The directive creates Pani Panchayats - associations of water users in a spatially area around a natural or manmade water resource. Depending on the size of the water resource, the size and type of Pani Panchayat can be categorised as major, medium, or micro. More details can be found on the Govt. Directorate of Agriculture & Food Production. Just in case you're feeling lazy, here's the copied & pasted introductory section ;-)
"A Pani Panchayat is an association of all persons owing land within a hydraulically delineated portion of the command area ranging in size approximately from 300-600 hectare in case of major/ medium/ minor irrigation project. It may be in respect of minor or sub-minor or direct outlets from the main/ branch distributaries of the project. In case of lift irrigation or minor flow irrigation project, the area is limited to the project command area where the area is less than 300 hectare. The Pani Panchayat (PP) is a part of the farmers organization recognized by Orissa Pani Panchayat Act 2002 and Orissa Pani Panchayat Rules 2003 and registered under Society registration Act, 1860".
The organisation I work for comprises a university - Centurion University - and its various offshoot social enterprises. The university is interesting in primarily targeting the grassroots, both in terms of the demographic from which it sources its students and its curriculum. The School of Disaster Management at Centurion is a new entity that aims to strengthen disaster management institutions through different types of training and teaching workshops.
Training programme for Pani Panchayat stakeholders
The school of disaster management is trying to strengthen Pani Panchayat institutions by training community stakeholders in both environmental and governance aspects of resource management. What it does is hold a series of workshops for a given set of pani panchayat communities.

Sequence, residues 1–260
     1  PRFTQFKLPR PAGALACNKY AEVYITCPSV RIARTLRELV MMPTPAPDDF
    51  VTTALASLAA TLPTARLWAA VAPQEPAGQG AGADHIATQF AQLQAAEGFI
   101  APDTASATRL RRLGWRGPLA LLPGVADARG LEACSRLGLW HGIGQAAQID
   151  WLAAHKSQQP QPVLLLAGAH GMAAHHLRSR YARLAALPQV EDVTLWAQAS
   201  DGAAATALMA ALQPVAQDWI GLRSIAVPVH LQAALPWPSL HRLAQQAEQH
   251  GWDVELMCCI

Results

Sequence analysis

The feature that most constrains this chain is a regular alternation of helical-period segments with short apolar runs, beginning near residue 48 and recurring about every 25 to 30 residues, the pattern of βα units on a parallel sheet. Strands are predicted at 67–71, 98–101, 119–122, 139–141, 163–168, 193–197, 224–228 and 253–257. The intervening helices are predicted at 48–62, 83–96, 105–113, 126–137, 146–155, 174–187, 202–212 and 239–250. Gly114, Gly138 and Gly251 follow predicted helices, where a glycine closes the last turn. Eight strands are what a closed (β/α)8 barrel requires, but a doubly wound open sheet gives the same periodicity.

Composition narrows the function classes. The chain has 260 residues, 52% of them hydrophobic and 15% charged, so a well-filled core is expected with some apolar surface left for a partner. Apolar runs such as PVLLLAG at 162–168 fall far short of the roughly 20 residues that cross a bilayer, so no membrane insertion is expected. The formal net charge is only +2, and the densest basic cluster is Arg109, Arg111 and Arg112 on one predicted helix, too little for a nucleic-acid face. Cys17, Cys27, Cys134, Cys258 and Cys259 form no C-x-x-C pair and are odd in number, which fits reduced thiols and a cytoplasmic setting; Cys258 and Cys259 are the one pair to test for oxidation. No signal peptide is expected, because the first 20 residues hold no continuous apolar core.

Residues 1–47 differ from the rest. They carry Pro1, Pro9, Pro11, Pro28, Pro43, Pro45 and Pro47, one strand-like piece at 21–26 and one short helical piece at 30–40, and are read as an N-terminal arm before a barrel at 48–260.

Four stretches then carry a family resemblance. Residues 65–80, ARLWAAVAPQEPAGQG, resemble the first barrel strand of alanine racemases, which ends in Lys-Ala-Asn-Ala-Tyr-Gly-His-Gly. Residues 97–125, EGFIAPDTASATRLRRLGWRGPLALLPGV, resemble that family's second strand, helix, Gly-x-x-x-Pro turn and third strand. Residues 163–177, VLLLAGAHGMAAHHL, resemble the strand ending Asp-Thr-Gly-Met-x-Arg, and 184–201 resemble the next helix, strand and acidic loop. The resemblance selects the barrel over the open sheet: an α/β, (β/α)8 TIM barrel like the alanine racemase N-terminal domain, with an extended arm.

- First, the workshop targets non-stakeholders and non-community members. The goal is to create a cadre of informed and capable individuals that can come into a community as mobilizers, trainers, or consultants, and enable more efficient management of the communal water resource.
- Next, the workshop targets those who are part of the Pani Panchayat itself - the official community governing body that acts as decision-maker on water management issues. These individuals are given similar training, but with a focus on their governance duties.
- Finally, the workshop targets the entire set of stakeholders of a given local water resource - all the community members themselves, the end users of the water.
The first workshop level (community mobilisers) is held in a classroom for a couple of weeks, and then everything moves to the field. My colleague - Subrat Dash - is a pretty amazing guy. Not only does he devise and coordinate this whole exercise, he also possesses a knack for walking into a room and making everybody around him laugh and immediately relax. The first is an impressive accomplishment but the second is a life saver.
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